• explore the recovery steps that need to be undertaken to relaunch construction and protect sites during the downtime caused by the pandemic in partnership with their public sector partners

Debt relief and financing costs should be addressed innovatively through debt holidays, extended credit lines, and project refinancing. It will also be critically important to prevent investors and debtors from panicking and exercising contract terms that could endanger the project’s survival. Governments might have to continue making availability payments in dormant projects and address project bankability concerns vis-à-vis project insurability of projects in a COVID-19 economic world.

For completed projects, every effort should be made to ensure that even though projects are dormant, efforts are made by public and private sector parties to ensure that operational readiness is maintained for when user demand picks up again.

It is impossible to develop an exhaustive list of actions that should be undertaken. Nevertheless, every effort should be made to create a trust driven recovery environment that is project partner friendly. This includes mitigating impacts on PPP projects as soon as they become evident without fear of retribution. Furthermore, at no time should project decision-making occur in a vacuum as this could potentially perpetuate project problems and slow down recovery.

All parties must understand that long-term recovery will most certainly depend on proactive actions that are taken now and over the next few months and that there is no time for hesitation. On a positive note, the pandemic will most certainly offer new opportunities for innovators as the PPP market recalibrates. It is almost certain that PPPs are going to become more important as a recovery tool as we innovate our way into the Post-COVID-19 world. These partnerships will be needed as this will allow the limited resources of both the public and private sectors to be leveraged as a mechanism to address the infrastructure funding gap.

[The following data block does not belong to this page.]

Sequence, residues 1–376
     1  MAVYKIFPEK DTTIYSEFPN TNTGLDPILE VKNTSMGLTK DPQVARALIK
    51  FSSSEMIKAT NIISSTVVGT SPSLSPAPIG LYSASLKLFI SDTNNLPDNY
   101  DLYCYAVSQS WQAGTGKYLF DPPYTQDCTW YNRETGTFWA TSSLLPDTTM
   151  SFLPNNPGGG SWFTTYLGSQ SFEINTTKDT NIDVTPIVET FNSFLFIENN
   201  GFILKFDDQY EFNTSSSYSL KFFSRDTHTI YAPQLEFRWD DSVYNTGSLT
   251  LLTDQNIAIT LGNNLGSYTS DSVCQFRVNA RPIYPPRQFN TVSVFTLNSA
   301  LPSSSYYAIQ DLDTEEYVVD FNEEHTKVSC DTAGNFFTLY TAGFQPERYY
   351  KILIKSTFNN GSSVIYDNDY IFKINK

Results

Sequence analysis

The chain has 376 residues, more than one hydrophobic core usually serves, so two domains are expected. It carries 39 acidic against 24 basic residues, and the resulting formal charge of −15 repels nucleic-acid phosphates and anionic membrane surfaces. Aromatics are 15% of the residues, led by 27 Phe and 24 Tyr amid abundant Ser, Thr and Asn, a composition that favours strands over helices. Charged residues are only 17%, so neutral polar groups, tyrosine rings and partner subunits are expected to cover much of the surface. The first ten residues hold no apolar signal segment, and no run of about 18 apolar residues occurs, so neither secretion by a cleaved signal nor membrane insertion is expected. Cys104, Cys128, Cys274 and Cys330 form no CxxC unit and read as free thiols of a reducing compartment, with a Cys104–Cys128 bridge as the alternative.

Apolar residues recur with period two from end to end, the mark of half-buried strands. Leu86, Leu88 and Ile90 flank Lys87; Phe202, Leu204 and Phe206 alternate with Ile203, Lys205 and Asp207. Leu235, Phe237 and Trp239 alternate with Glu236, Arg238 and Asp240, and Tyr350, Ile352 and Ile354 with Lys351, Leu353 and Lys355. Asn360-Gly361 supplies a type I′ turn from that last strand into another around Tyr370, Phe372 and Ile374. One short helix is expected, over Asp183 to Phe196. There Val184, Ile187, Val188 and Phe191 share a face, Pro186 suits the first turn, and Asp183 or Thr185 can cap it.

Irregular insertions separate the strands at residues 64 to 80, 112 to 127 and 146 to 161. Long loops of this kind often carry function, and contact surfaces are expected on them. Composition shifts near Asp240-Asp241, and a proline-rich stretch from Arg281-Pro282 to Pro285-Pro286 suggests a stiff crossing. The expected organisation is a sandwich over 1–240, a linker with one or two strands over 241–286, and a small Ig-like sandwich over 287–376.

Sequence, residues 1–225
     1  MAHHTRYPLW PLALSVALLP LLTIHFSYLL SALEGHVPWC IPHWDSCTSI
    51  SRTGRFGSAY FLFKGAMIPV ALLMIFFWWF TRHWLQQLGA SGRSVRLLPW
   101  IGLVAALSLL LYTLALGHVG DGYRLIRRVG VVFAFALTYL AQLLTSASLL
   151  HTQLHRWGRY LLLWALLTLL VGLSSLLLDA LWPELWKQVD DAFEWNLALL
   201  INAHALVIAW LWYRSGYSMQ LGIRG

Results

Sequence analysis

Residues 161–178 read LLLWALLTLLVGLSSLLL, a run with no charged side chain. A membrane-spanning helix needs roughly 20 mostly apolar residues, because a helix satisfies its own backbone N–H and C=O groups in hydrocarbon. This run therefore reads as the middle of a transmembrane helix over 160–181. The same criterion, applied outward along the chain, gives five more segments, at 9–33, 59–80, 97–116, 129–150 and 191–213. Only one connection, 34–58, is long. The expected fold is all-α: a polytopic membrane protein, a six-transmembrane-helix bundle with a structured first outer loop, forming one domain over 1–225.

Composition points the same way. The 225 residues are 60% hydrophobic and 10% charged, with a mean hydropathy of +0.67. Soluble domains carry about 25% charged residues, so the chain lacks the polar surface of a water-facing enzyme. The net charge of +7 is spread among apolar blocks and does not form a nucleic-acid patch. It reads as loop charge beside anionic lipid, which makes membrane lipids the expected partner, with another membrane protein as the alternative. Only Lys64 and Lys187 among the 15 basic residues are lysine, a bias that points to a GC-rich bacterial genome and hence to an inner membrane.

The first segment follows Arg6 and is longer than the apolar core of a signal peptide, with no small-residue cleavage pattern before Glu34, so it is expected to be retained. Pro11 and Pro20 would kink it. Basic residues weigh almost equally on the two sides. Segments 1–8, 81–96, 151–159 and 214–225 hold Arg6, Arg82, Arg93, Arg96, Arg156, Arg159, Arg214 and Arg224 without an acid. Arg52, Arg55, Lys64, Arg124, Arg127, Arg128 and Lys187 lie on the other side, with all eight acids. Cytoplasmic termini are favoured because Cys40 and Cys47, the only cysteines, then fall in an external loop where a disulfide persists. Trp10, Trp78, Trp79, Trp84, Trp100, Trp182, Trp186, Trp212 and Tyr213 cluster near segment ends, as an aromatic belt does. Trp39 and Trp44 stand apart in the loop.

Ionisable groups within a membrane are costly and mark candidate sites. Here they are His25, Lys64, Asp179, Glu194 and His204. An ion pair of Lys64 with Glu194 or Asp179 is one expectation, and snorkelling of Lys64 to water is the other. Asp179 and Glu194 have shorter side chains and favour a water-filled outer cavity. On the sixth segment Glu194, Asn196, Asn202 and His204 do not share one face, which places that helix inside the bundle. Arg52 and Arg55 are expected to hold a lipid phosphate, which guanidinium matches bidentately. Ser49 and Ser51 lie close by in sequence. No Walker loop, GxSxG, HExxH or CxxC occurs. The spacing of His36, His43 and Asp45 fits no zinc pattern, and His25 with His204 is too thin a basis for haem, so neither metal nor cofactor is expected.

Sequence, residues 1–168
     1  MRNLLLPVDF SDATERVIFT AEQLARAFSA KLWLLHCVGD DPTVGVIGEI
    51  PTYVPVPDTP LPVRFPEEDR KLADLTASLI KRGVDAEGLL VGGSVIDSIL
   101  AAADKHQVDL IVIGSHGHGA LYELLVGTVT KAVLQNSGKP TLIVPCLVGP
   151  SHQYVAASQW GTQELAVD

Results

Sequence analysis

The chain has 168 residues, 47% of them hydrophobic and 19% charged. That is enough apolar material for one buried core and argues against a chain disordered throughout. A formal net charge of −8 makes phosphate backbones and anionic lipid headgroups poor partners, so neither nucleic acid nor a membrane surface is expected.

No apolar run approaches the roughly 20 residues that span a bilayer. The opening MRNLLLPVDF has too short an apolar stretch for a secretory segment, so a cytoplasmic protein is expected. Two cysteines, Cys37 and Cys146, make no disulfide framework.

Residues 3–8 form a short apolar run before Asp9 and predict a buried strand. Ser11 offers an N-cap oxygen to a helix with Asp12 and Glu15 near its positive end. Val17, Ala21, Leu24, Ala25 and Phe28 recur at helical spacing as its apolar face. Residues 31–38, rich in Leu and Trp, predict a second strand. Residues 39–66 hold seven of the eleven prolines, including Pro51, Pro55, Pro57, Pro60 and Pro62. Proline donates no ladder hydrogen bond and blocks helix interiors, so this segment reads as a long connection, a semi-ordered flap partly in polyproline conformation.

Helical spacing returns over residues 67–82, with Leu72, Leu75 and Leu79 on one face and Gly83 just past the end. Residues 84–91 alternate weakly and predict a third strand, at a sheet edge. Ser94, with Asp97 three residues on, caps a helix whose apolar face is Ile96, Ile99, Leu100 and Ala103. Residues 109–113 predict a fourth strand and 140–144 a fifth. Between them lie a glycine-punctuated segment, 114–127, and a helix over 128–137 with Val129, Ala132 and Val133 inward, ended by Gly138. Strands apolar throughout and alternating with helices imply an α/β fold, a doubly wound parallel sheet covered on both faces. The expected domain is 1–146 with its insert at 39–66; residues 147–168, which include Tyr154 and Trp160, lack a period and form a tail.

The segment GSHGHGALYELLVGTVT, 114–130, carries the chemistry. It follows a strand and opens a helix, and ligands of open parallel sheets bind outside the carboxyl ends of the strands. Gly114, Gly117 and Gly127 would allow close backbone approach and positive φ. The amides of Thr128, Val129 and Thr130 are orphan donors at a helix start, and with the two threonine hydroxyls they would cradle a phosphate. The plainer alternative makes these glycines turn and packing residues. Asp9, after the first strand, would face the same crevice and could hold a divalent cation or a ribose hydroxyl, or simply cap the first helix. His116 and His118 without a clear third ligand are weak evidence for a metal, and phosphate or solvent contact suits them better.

David Baxter is an independent PPP consultant who has advised organizations such as the World Bank, USAID, and the Islamic Development Bank. He is also a senior advisor to the International Sustainable Resilience Center (affiliated with the UNECE PPP Center of Excellence) and a steering committee member of the World Association of PPP Units and Professionals (WAPPP).

For more information on how Gallagher can help support and manage the inherent risks and exposures found in Public-Private Partnerships projects, please get in touch.

This note is not intended to give legal or financial advice, and, accordingly, it should not be relied upon for such. It should not be regarded as a comprehensive statement of the law and/or market practice in this area. The opinions and views expressed in the above articles are those of the contributors only. In preparing this note we have relied on information sourced from third parties and we make no claims as to the completeness or accuracy of the information contained herein. It reflects our understanding as at [INSERT DATE], but you will recognise that matters concerning COVID-19 are fast changing across the world. You should not act upon information in this note nor determine not to act, without first seeking specific legal and/or specialist advice. No third party to whom this is passed can rely on it. The authors, our officers, employees or agents shall not be responsible for any loss whatsoever arising from the recipient’s reliance upon any information we provide herein and exclude liability for the content to fullest extent permitted by law. Should you require advice about your specific insurance arrangements or specific claim circumstances, please get in touch with your usual contact at Gallagher.

* https://www.ipfa.org/documents/gi-forum-webinar-od-building-a-better-future/